So, Borders collapsed in September of 2011. Before then, my sales was something like 10-40 a week. Not spectacular, but not the end of your career, as long as it’s better than the first novel and shows some growth, which it seemed to do considering my first publisher, back in 2008, was dead within three or four months. This also was not counting the eBooks of which we moved quite a very many, indeed. This was all before the release of WHEN WE WERE EXECUTIONERS, and before Borders collapsed.
Borders’ collapse did have a huge impact on me, personally. It really might have been the end of my career as a writer of fantasy under the nomduhploom J. M. McDermott. It had this effect on my career because my most prominent title was with someone in too deep with Borders books. I had a feeling at the time, honestly, that it was going to be bad for me, and a lot of others midlisters might be going down with the ship with publishers who were going to get a lot of discounted copies and returns. People around me at ArmadilloCon in 2011 might remember me, then, thinking about the end of careers a lot. I was reaching out into the indie world, experimenting and getting ready, at the time, for whatever came next. Books don’t last long on shelves, under the best of circumstances, so there’s only a short window of time to make an impression before the world moves on. The world moved on, and surprisingly, so did Night Shade from Diamond distribution right when I had another book coming out that was scheduled to get lost in the transition.
I have never even seen evidence that WHEN WE WERE EXECUTIONERS was in a book catalog, at all. I have never seen evidence that librarians knew it existed. I have only seen evidence that 2 reviewers got a copy that didn’t come from me, directly. I have never seen one on a physical shelf, not even at an indie bookstore.
I pulled up bookscan numbers on the 2nd Dogsland Book, when they crossed over distribution from Diamond to PGW and left me swinging with minimal support, a metric ton of promises, and nothing in the end:
Per Bookscan, that’s 131 copies moved, total, of WHEN WE WERE EXECUTIONERS, for all time.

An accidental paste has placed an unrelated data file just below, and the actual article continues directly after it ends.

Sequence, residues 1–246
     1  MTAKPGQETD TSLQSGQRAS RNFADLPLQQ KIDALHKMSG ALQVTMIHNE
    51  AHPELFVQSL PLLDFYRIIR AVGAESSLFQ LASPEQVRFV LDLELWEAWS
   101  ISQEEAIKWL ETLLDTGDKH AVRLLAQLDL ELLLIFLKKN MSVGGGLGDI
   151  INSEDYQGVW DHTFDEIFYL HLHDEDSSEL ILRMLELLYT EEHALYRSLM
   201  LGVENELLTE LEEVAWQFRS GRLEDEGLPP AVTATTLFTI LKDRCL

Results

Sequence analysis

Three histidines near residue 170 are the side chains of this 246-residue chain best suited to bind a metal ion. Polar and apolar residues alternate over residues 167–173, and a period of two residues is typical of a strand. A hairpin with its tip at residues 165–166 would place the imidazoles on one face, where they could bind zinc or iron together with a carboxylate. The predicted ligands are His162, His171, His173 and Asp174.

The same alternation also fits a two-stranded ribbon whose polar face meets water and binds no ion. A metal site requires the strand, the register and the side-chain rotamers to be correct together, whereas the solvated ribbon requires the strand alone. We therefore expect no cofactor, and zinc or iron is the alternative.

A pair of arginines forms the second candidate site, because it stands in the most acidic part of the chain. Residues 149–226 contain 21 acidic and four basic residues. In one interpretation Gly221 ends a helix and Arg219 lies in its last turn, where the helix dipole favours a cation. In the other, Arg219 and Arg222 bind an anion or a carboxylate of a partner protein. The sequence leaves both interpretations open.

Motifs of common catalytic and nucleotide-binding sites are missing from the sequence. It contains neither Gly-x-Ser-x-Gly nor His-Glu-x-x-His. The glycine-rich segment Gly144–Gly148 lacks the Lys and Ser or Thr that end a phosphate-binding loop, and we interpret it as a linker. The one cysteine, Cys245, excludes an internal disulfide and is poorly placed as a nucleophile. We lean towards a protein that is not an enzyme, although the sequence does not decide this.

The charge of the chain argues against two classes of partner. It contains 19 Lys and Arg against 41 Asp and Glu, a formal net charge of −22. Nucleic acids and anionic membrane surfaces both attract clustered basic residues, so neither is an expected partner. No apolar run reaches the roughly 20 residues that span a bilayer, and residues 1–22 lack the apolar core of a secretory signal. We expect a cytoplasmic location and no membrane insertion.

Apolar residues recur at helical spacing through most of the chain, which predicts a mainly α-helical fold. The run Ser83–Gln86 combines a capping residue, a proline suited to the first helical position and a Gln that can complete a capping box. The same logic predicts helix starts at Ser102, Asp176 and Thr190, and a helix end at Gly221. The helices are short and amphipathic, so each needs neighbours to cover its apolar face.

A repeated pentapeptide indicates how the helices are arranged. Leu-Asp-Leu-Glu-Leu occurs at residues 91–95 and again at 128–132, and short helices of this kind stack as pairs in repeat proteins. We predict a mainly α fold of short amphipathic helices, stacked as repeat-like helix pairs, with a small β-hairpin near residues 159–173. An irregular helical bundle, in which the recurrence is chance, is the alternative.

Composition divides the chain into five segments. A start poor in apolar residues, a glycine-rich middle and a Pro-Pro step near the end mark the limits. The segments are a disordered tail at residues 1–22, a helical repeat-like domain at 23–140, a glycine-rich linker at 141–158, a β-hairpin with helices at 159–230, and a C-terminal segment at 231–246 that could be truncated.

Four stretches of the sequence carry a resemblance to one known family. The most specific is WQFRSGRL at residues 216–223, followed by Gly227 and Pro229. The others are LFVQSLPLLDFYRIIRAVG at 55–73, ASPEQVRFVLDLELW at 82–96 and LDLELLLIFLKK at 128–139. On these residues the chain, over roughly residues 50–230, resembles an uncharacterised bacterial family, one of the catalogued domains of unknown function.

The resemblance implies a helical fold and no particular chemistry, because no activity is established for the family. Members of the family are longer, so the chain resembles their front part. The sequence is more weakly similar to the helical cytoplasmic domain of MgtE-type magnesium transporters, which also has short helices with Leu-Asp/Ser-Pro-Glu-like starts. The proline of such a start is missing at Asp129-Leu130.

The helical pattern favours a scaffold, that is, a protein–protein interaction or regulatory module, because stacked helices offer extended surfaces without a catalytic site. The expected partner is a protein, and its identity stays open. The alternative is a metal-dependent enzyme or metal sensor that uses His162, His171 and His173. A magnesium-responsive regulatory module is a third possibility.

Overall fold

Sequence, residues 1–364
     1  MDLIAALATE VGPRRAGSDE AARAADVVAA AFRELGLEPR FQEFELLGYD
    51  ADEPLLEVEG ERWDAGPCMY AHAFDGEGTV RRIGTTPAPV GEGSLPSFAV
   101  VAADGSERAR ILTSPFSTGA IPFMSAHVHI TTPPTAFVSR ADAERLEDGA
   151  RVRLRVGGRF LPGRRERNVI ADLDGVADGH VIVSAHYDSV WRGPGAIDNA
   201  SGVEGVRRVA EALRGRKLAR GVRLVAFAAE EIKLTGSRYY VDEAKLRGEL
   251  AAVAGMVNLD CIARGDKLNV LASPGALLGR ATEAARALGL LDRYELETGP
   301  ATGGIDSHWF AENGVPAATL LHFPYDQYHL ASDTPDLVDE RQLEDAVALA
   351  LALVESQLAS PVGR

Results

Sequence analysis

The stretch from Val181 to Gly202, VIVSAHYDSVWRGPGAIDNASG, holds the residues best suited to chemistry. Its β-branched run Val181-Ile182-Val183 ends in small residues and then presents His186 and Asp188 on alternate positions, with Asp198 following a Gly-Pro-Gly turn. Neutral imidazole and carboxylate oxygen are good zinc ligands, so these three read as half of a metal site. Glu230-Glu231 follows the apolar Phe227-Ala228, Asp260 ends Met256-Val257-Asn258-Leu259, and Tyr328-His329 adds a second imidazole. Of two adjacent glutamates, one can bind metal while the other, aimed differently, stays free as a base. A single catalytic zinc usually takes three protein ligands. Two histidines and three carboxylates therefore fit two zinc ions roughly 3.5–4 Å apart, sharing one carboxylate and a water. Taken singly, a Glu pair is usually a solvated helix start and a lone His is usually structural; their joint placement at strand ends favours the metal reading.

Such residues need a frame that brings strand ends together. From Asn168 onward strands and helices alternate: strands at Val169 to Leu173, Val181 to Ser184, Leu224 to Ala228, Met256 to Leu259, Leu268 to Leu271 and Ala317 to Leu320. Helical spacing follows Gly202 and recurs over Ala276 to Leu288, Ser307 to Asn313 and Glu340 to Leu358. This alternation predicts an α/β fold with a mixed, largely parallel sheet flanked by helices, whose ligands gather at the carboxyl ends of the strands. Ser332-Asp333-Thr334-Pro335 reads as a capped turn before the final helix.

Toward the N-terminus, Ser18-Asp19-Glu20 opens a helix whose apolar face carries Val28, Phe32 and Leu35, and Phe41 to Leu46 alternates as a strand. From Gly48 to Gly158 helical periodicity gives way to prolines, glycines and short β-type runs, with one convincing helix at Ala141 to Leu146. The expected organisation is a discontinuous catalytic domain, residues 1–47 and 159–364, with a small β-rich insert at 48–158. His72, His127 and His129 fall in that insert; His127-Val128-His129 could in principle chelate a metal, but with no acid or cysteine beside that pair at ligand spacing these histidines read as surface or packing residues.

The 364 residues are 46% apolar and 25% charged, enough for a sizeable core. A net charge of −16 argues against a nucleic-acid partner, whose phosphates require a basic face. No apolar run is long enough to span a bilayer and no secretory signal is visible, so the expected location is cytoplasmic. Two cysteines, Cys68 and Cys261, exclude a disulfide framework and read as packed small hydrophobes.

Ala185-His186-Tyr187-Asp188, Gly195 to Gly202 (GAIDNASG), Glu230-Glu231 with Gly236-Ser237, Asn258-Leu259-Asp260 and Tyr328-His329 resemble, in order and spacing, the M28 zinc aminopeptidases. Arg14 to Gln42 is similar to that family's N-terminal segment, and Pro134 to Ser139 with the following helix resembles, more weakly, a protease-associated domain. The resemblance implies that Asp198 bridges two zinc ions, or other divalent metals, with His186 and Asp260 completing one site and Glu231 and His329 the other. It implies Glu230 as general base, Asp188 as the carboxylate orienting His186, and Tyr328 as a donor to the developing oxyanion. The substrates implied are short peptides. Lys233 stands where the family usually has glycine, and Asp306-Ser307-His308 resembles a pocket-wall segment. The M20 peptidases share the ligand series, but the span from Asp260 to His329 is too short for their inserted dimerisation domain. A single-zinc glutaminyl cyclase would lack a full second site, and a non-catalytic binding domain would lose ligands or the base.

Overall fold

That’s what the end of careers look like, folks.
Night Shade can’t take all the credit, and it’s too easy to blame a long-suffering scapegoat with the current news all over town. I wrote the damn things, right? Ultimately, the blame and the consequences lie with the author. They have to.
But, I guess my measuring stick on these issues is going to be self-publishing. If I have stronger self-publishing numbers on a harder-to-sell short story collection than a publisher does on a critically-acclaimed series, then that publisher is not helping me much. If the numbers are so low as to be astonishing that they claim to be a real publisher with distribution and stuff, well… You expect to lose people moving forward in a series, but the cliff here was suspiciously steep. It could be it’s poorly written – always a risk – but I argue that John Clute and Jesse Bullington don’t praise books in their reviews at Strange Horizons unless they’re at least interesting. It’s very hard for me to feel like the book quality is to blame. I suspect they weren’t marketed correctly, and got sent to a lot of paranormal and urban fantasy reviewers who either got surprised and liked it, or didn’t even finish it.
Honestly, people, I’ve moved more copies of the eBook of WOMEN AND MONSTERS with a micropress and a staff of 1 1/2 than Night Shade did, at all, total, of the 2nd Dogsland Book.
If you would like to continue reading books written by someone named J. M. McDermott, to make the whole lot of books easier to find in the future, perhaps even written in the fantasy genre, might I suggest that now would be a great time to pick up a copy of WHEN WE WERE EXECUTIONERS and share it with a friend? Pick up half a dozen and make a library donation or five. Hoard some under wraps somewhere, if you’re so inclined, because I still haven’t made up my mind about the current news. I don’t think the Dogsland books will be long for the shelves, even if I cross over to Skyhorse, at these numbers. If I don’t cross over, they’ll have an even shorter lifespan.
Frankly, after this it will be some time before anyone picks up a new fantasy novel by me, even if I change my name, outside of the indie writing world, who are often disinterested in putting books on the shelf at Barnes & Noble.
Fortunately, the indie world – and I mean real, independent publishers here, not whatever they’re calling self-publishing these days – is the one area where I’m seeing huge growth in the weeks and months to come. Honestly, I made a list of my top publishers to work with, on current and future projects, and Big 5 imprints weren’t on that list. Distribution and marketing are getting very flat, these days, and people with talent and small, agile teams, absolutely can compete on a big scale, and find “real publishing” numbers.
Still, I do urge you to snag a few copies of WHEN WE WERE EXECUTIONERS while you can. No matter which way the news happens, this is a book not long for the shelves. At 131 copies, total, what businessman in his right mind invests any company resources into it? What bookshelf will stock it for browsers? Heck, honestly, if it were with my micropress, I’d be very cautious about putting any weight behind something selling that poorly.
Do you want this book to be the second-to-last fantasy novel by J. M. McDermott? I’ll keep writing, but if I change my pen’s name, as I likely will have to, now, it will get harder to find my stuff without really paying attention.
It’s 3:14 AM, and I can’t sleep. I keep reading and feeling tired, then I can’t sleep again and come back out here to read. It’s 3:15 AM, now.
Soon, it might even get to dawn.
I’m sitting here, reading, and waiting and I don’t know what happens next.